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The power statement applies the unitary operation raised to some integer power, where the unitary is specified as a nested statement block.


power ( exponent ) { statements }

def power(power: CInt, operand: QCallable) -> None:


  • If the statement block specifies the unitary operation \(U\) on some quantum object, power applies \(U^{exponent}\).
  • In the general case, the statement block is iterated over exponent times, but in some important special cases the operation is implemented more efficiently.
  • Quantum variables declared outside the power statement and used inside its nested block must be initialized prior to it and remain initialized subsequently.


In the following example power is applied 3 times - to gate-level functions H and RX, and to a user-defined function foo. It demonstrates both special and general treatment of the power operation.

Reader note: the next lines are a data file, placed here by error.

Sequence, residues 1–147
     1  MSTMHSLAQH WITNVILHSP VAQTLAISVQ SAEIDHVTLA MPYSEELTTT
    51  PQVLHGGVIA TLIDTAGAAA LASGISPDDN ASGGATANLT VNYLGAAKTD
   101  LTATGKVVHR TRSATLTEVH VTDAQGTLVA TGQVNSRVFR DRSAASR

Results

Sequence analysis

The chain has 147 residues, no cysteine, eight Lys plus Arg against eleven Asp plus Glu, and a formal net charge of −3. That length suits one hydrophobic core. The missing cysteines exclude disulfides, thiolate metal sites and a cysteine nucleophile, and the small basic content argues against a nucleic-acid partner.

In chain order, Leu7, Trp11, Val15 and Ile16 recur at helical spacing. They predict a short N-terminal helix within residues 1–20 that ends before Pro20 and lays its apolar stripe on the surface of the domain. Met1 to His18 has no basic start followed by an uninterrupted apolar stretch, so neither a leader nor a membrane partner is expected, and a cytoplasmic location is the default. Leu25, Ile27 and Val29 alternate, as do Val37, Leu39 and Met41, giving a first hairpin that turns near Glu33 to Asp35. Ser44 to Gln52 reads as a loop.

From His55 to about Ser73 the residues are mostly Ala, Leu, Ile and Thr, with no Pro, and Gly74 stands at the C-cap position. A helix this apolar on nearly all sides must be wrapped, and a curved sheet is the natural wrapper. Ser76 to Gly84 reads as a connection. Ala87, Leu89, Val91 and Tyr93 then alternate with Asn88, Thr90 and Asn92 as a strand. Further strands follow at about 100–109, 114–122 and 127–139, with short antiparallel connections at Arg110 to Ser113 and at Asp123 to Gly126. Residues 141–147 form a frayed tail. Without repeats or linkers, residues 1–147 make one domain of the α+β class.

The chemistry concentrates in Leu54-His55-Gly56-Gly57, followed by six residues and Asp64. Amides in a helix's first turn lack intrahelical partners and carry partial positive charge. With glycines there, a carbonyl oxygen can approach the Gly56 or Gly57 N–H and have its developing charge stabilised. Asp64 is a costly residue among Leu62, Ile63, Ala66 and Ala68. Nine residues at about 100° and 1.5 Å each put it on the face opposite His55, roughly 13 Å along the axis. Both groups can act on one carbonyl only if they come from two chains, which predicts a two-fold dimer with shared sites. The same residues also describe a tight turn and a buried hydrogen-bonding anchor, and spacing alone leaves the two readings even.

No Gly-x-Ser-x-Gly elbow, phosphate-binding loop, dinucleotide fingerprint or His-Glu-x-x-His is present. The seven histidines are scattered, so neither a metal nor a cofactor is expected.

qfunc foo<p: int>(q: qbit) {
  power (p) {
  power (p) {
    PHASE<pi / 8>(q);

qfunc main() {
  q: qbit[];
  power (2) {
from classiq import PHASE, CInt, H, QArray, QBit, allocate, power, qfunc

def foo(p: CInt, q: QBit) -> None:
    power(p, lambda: H(q))
    power(p, lambda: PHASE(pi / 8, q))

def main() -> None:
    q = QArray("q")
    allocate(1, q)
    power(2, lambda: foo(5, q))

Synthesizing this model creates the quantum program shown below. Because two consecutive applications of H cancel each other out, raising H to the power of 5 is equivalent to applying H once. Raising RX with rotation angle \(\pi / 8\) to the power 5 is equivalent to applying RX with rotation angle \(5 \times \pi / 8\). However, raising foo to the power 2 requires 2 consecutive applications of foo.